Vdd control with a serial port PIC programmer

Do you have a question? Post it now! No Registration Necessary

Translate This Thread From English to

Threaded View
I am building a serial port programmer for low end PICs (specifically for
the 16F84 and 16F628).

I notice in the PIC programming spec that Vdd is supposed to be
controlled - i.e.brought up to +5 AFTER /MCLR is brought up to
+13v in order to prevent the PIC from executing code while it is being
brought into programmng mode. The critical time would be during the
/MCLR transition from +5 to +13v.  I realize this requirement is most
critical when the PIC is not crystal controlled; however, the 16F628
may be run in RC mode so this could qualify as a problem PIC.

Since the RS232 port has only has 3 pins available for output (DTR,
RTS and TX)  and all  three are required for Data, Clock, and
VPP (/MCLR) control, it seems that most serial mode programmers
simply ignore this requirement to control Vdd.  Parallel port programmers
often do it properly.

Is this OK?  Are serial port programmers more problematic than parallel
port programmers for a wide range of PIC types?

Thanks.
-Craig




Re: Vdd control with a serial port PIC programmer
On Tue, 21 Oct 2003 12:28:16 -0500, "Craig Johnson"

Quoted text here. Click to load it

How does that limit the functionality of a PIC programmer that uses
the serial port?  The programmers that I know of all use embedded
controllers (usually PICs) to control the programming process, and the
serial port just happens to be how they communicate with the host.
Controlling the pins of a part to be programmed is the responsibility
of the embedded controller, and it can certainly sequence things
properly, regardless of the means used to communicate with the host.


-Robert Scott
 Ypsilanti, Michigan
(Reply through newsgroups, not by direct e-mail, as automatic reply address is
fake.)


Re: Vdd control with a serial port PIC programmer
Robert,

Quoted text here. Click to load it

That's not the kind of programmer I am talking about.  I am talking about
the
simple bit-toggling programmers, such as this one by J Aichinger:
    http://jaichi.virtualave.net/adapter-e.htm

I would like to drive it with David Tait's FPP program.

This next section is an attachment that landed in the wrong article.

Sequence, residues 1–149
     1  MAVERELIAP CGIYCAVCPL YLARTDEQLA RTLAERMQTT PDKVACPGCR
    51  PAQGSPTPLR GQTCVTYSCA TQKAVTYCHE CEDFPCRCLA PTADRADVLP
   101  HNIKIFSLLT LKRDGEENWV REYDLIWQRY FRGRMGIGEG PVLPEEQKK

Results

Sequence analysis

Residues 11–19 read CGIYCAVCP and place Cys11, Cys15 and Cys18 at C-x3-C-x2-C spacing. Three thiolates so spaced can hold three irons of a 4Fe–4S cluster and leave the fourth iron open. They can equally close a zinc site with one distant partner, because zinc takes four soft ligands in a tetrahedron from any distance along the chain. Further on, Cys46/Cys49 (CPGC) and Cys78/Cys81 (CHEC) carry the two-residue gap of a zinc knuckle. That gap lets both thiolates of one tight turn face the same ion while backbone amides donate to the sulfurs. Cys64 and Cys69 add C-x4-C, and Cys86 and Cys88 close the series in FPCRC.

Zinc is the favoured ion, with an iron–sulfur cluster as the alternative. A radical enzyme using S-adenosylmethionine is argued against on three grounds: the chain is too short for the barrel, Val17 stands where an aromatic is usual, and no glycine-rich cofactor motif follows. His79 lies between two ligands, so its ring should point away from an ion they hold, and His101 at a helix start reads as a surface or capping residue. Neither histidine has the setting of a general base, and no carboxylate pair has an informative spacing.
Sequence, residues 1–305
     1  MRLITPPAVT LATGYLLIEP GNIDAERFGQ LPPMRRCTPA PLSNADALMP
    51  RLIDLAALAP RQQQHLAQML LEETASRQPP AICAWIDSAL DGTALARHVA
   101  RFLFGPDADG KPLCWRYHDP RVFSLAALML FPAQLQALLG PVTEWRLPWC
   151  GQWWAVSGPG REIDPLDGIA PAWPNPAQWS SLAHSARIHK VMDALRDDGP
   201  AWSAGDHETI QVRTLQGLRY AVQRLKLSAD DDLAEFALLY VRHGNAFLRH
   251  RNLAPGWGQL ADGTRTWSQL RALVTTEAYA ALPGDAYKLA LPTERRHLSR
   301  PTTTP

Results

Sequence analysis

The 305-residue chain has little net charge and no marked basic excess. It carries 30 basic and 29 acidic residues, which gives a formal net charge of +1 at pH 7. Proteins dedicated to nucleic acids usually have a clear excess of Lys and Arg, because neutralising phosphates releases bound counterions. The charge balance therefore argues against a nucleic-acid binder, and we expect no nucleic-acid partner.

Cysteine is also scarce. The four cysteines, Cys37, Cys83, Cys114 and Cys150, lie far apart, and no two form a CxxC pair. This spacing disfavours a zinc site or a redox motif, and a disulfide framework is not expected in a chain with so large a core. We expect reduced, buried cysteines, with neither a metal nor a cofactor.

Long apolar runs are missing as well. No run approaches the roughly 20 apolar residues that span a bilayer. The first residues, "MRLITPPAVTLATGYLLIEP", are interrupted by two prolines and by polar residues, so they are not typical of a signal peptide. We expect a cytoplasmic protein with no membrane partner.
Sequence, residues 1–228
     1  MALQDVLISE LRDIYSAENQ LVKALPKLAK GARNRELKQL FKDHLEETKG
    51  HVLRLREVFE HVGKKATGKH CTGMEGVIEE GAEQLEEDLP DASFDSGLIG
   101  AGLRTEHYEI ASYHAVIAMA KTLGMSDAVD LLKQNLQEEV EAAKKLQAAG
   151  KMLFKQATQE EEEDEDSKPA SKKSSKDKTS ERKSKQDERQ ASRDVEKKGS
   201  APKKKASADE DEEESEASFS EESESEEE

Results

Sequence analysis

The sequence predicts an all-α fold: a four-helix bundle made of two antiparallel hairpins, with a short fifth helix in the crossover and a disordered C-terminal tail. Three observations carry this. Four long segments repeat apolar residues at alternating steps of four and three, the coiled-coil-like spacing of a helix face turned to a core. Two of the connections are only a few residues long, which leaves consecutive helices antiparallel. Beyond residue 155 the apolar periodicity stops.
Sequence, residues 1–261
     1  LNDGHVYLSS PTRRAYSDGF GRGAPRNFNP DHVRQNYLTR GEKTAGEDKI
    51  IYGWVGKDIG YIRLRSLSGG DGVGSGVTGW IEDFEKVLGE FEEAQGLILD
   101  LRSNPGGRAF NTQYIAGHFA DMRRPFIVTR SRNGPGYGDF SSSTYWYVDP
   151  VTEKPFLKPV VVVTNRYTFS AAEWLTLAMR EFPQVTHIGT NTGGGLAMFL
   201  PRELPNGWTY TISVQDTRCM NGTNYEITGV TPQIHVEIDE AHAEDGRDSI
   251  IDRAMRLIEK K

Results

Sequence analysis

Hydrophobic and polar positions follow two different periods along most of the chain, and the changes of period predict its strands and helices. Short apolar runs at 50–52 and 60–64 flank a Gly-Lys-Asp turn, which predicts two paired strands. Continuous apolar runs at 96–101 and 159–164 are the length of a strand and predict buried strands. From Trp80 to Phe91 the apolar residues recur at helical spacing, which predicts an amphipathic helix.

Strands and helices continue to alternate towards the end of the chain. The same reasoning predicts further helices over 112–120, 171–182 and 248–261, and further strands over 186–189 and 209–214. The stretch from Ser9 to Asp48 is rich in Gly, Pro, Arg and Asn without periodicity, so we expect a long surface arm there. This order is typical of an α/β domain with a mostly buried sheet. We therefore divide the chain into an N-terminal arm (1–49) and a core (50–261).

See   http://people.man.ac.uk/~mbhstdj/piclinks.html

As you can see, all the "smarts" are in the Windows software driving the
COM port.  There are no embedded controllers.

-Craig



Re: Vdd control with a serial port PIC programmer
On Tue, 21 Oct 2003 14:10:34 -0500, "Craig Johnson"

Quoted text here. Click to load it

OK, I see now.  But that still leaves open the possiblity of some
logic on the programmer that can decode the state of the Vdd
separately, and allow the kind of sequencing you were talking about.
I don't think we have to assume that each RS-232 control line goes to
just one pin on the device.


-Robert Scott
 Ypsilanti, Michigan
(Reply through newsgroups, not by direct e-mail, as automatic reply address is
fake.)


Re: Vdd control with a serial port PIC programmer
Robert,
Quoted text here. Click to load it

Yes, it is possible to add additional logic to the programmer.  Maybe the
Vdd
application could be delayed from the time when the MCLR signal is received
on
the TD pin.  That would take minimal circuitry.   Another possibility would
be to
send a special command (via the DTR line, clocked by the RTS line) which
gets
decoded by the programmer and triggers the application of Vdd.  Possible, I
guess,
but would take more logic gates.

My point is that it is not possible to control the Vdd line directly.  There
just aren't
enough output pins in RS232.   I am trying to determine if this is a problem
or not.

-Craig




Site Timeline